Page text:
Marine Science Faculty Publications

Iron Colloids Dominate Sedimentary Supply to the Ocean Interior

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Dissolution of marine sediment is a key source of dissolved iron (Fe) that regulates the ocean carbon cycle. Currently, our prevailing understanding, encapsulated in ocean models, focuses on low-oxygen reductive supply mechanisms and neglects the emerging evidence from iron isotopes in seawater and sediment porewaters for additional nonreductive dissolution processes. Here, we combine measurements of Fe colloids and dissolved δ56Fe in shallow porewaters spanning the full depth of the South Atlantic Ocean to demonstrate that it is lithogenic colloid production that fuels sedimentary iron supply away from low-oxygen systems. Iron colloids are ubiquitous in these oxic ocean sediment porewaters and account for the lithogenic isotope signature of dissolved Fe (δ56Fe = +0.07 ± 0.07‰) within and between ocean basins. Isotope model experiments demonstrate that only lithogenic weathering in both oxic and nitrogenous zones, rather than precipitation or ligand complexation of reduced Fe species, can account for the production of these porewater Fe colloids. The broader covariance between colloidal Fe and organic carbon (OC) abundance suggests that sorption of OC may control the nanoscale stability of Fe minerals by inhibiting the loss of Fe(oxyhydr)oxides to more crystalline minerals in the sediment. Oxic ocean sediments can therefore generate a large exchangeable reservoir of organo-mineral Fe colloids at the sediment water interface (a “rusty source”) that dominates the benthic supply of dissolved Fe to the ocean interior, alongside reductive supply pathways from shallower continental margins.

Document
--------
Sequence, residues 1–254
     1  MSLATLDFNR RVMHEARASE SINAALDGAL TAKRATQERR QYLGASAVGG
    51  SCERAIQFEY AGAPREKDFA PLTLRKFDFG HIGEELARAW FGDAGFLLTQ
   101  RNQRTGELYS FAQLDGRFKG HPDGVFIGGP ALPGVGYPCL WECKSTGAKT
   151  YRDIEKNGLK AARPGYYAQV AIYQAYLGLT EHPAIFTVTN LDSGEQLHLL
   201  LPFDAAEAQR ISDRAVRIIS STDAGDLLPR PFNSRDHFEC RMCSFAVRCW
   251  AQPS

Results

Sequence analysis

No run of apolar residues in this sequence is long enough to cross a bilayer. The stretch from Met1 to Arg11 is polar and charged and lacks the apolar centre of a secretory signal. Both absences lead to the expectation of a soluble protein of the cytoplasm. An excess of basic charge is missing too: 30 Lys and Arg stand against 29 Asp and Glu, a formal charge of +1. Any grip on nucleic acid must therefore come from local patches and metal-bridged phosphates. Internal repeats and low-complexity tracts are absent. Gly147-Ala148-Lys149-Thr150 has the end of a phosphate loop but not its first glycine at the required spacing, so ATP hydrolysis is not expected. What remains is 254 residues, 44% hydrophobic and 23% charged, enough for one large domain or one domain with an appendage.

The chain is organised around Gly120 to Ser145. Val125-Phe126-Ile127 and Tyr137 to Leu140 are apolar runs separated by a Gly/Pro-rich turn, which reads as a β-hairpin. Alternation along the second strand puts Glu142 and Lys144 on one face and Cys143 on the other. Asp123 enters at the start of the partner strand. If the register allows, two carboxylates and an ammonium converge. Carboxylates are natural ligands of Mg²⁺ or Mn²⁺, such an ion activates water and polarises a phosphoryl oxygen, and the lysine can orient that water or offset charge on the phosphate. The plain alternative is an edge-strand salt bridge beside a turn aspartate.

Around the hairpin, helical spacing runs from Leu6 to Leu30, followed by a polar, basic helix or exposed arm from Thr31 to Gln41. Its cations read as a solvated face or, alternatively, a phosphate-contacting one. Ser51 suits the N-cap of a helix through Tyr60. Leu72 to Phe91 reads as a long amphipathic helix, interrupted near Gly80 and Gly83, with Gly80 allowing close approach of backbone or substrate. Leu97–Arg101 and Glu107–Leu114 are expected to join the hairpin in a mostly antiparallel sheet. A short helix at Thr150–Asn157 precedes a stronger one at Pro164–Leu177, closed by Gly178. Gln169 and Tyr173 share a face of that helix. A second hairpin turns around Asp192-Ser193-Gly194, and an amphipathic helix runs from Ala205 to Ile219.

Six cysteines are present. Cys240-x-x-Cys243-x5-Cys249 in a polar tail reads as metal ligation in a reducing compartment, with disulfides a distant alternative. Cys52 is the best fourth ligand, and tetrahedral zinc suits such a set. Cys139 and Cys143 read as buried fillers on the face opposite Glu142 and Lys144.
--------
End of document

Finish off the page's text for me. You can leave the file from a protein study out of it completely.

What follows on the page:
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Proceedings of the National Academy of Sciences, v. 118, issue 13, art. e2016078118